Breast Cancer Awareness Month: Still Work to be Done
by Barbara Grassley
October brings to mind the colors of autumn, the black and orange of Halloween, and pink, the color of Breast Cancer Awareness Month. It is a time to reflect on strides made in breast cancer prevention and chart a course for the future.
The realm of breast cancer is far different from what it was in 1985, when October officially became Breast Cancer Awareness Month. What once was a silent killer is now a widely talked about, often highly treatable disease. Breast Cancer Awareness month has helped us overcome much of the stigma once associated with breast cancer, and women are now encouraged and are lauded for sharing their breast cancer stories. As a result, many more women in America today have heard messages emphasizing the importance of early detection and screening and know they should schedule their first mammogram by age 40. We know the mortality rate from breast cancer has decreased over the past two decades, and we know there are more treatment options than ever. What we seem to have forgotten, however, is that breast cancer is still the second leading cause of cancer deaths in American women.
Today there exists an alarming thought that breast cancer is simply not as big a concern as it once was, but nothing could be further from the truth. It is estimated 226,870 women will be diagnosed with breast cancer in 2012; in Iowa alone, it is estimated 2,350 women will be told they have breast cancer, and 400 women will die from the disease. These are still huge numbers, so it is critically important the American public does not become complacent about breast health.
There are many proactive measures women can take toward detecting breast cancer, including:
Breast Self-Exam: Every woman should perform a monthly examination of her breasts to check for physical changes. If you are unsure of how to perform a breast self-exam, ask your health care provider to demonstrate and explain the ideal time to conduct one. It is very important for women to become familiar with their breasts and understand what feels normal. Start early, beginning at age 20.
Clinical Breast Exam: Be sure to ask your health care provider to give you a clinical breast exam each year. The exam consists of checking the breasts for any changes, lumps, or other possible warning signs of breast cancer through physical touch and appearance. You should begin having clinical breast exams in your 20s and 30s.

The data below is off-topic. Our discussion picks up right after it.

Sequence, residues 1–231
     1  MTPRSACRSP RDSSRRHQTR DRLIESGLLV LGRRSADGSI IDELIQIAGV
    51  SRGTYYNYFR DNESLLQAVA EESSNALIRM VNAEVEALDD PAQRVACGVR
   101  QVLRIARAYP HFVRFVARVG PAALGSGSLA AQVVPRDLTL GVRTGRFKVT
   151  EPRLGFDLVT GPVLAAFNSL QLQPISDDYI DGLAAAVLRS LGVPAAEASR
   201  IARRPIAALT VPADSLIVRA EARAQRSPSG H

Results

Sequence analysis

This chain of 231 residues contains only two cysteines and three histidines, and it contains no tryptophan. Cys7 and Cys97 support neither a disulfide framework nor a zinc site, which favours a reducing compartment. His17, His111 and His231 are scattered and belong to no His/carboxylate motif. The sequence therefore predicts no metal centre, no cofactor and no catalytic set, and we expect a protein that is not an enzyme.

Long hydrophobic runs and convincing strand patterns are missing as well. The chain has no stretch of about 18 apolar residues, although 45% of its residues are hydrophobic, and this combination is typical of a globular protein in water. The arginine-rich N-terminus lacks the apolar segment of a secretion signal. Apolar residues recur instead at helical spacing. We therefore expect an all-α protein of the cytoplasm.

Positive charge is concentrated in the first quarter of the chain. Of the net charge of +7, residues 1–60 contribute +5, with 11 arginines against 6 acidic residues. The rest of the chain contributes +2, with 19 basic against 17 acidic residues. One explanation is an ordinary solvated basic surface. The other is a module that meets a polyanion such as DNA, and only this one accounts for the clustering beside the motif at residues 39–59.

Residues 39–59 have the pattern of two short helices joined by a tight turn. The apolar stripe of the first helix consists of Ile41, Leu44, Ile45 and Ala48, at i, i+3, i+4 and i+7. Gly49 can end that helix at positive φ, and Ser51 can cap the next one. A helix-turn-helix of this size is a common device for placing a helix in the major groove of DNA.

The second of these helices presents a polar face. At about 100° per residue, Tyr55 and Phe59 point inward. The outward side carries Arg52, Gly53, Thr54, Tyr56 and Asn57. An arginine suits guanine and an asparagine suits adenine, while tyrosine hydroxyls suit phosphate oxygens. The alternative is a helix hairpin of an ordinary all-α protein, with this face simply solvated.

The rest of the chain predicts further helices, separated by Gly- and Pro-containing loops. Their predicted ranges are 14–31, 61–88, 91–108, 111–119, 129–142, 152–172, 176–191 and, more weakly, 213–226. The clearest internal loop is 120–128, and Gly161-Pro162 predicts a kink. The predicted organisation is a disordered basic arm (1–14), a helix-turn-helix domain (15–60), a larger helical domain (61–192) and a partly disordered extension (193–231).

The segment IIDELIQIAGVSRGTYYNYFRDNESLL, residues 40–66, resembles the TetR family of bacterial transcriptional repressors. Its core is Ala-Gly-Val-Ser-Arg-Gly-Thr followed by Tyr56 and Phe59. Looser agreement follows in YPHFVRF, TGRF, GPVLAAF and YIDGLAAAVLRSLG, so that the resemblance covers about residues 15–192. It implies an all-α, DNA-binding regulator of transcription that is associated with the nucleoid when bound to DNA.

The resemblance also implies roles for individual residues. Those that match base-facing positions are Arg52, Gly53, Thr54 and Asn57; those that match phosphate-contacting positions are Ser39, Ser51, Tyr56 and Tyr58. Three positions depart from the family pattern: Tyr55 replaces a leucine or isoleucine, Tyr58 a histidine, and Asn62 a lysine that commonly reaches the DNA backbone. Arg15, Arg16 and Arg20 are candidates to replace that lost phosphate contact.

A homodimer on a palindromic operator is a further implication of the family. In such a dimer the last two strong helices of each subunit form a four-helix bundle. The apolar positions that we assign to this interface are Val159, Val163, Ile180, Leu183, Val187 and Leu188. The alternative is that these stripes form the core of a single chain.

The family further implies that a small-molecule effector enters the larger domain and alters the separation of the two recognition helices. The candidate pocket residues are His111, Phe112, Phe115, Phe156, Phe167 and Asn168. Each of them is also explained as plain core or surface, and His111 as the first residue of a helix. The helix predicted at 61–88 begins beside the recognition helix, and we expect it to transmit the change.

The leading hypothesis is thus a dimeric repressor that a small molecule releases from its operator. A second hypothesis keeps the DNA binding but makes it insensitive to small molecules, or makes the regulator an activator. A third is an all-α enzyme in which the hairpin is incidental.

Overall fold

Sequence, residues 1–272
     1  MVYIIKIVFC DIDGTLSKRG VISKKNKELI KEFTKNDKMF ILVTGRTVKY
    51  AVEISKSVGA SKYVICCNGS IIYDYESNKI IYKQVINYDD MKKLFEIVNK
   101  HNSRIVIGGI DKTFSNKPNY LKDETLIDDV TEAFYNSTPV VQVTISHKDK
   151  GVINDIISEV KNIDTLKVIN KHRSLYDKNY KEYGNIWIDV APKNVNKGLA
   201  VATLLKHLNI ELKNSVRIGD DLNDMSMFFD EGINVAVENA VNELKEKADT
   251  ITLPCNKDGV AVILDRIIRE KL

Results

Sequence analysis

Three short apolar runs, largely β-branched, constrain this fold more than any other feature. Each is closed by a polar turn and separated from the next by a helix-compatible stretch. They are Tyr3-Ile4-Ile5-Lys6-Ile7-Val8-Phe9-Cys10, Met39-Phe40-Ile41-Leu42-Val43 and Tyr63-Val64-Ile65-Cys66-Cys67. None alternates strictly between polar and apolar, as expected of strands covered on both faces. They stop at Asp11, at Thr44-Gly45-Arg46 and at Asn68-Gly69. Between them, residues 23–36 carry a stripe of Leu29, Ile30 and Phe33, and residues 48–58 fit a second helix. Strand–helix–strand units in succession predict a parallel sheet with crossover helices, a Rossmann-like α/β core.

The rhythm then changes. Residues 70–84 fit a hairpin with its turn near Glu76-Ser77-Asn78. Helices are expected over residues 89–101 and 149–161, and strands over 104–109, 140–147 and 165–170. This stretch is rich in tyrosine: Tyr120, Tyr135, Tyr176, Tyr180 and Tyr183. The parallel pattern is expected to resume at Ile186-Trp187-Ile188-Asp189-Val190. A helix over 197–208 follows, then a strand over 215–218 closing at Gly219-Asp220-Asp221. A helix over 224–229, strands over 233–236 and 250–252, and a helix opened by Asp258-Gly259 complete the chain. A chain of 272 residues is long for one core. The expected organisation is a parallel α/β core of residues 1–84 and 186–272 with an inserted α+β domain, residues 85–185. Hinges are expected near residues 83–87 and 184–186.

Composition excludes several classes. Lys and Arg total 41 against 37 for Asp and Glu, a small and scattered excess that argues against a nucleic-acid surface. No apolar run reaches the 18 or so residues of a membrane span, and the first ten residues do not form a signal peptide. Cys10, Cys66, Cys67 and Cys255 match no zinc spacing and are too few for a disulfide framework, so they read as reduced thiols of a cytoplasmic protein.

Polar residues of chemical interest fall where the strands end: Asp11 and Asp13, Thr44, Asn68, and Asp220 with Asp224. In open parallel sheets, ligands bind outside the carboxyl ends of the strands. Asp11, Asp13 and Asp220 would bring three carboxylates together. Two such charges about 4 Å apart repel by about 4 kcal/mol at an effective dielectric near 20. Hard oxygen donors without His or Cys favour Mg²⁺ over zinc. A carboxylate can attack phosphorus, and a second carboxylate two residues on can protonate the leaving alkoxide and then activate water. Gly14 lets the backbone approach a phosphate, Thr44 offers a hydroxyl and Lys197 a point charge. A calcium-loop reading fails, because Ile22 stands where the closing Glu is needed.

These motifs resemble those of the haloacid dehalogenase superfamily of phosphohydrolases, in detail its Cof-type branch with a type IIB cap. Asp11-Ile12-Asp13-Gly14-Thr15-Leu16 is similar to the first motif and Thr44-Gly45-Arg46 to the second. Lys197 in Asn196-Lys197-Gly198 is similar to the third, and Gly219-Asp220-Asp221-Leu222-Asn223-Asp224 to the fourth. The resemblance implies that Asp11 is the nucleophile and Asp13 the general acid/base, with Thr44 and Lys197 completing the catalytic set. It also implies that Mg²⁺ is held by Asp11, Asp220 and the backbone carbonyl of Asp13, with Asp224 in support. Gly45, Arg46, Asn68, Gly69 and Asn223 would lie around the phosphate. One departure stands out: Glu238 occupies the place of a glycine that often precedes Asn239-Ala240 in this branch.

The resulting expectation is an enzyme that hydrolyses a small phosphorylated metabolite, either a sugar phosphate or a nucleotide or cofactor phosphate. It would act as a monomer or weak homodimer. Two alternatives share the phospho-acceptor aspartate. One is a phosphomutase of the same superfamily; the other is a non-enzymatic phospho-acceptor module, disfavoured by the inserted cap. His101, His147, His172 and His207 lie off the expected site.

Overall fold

Mammography: By the age of 40, all women should have a mammogram, and it is important to talk to your health care provider about how often the test should be performed. The mammogram is an “x-ray” of the breast and, at this time, is the most effective method of detecting breast changes that may be cancer, long before physical symptoms can be seen or felt.
While every man and woman is at risk for breast cancer, some are at higher risk. Risk factors include a family history of breast cancer, inherited abnormal genes, a previous diagnosis of cancer in one breast, a sedentary lifestyle, and age – women over 50 are more likely to develop breast cancer. Like all cancers, risk for breast cancer can be reduced by leading a healthy lifestyle, which includes exercise and not smoking. New drugs have been developed to help prevent breast cancer in high risk patients, so if you believe you are at a higher risk for breast cancer, please talk to your health care provider.
In the paragraph above, you will notice it says, “every man and woman is at risk ...”. Yes, men can get breast cancer. too. While breast cancer risk for women is calculated by state, the same information for men is available only for the United States as a whole. In 2012, the estimate is 2,190 men will be diagnosed with breast cancer, and there will be 410 deaths.
Survival rates for breast cancer are higher now than they were ten years ago in large part because women are getting tested and catching it early. Please follow the above guidelines and encourage friends and family to do the same. A cancer diagnosis affects not only the patient and her immediate family, but also their entire community of friends, schoolmates, neighbors, colleagues, and service providers. Protect your health this and every month, if not for yourself, then for the people who love you.
If you would like additional information on cancer prevention, please visit www.preventcancer.org.
Barbara Grassley, a breast cancer survivor, is a member of the Congressional Families Cancer Prevention program of the Prevent Cancer Foundation and the spouse of U.S. Senator Chuck Grassley of Iowa.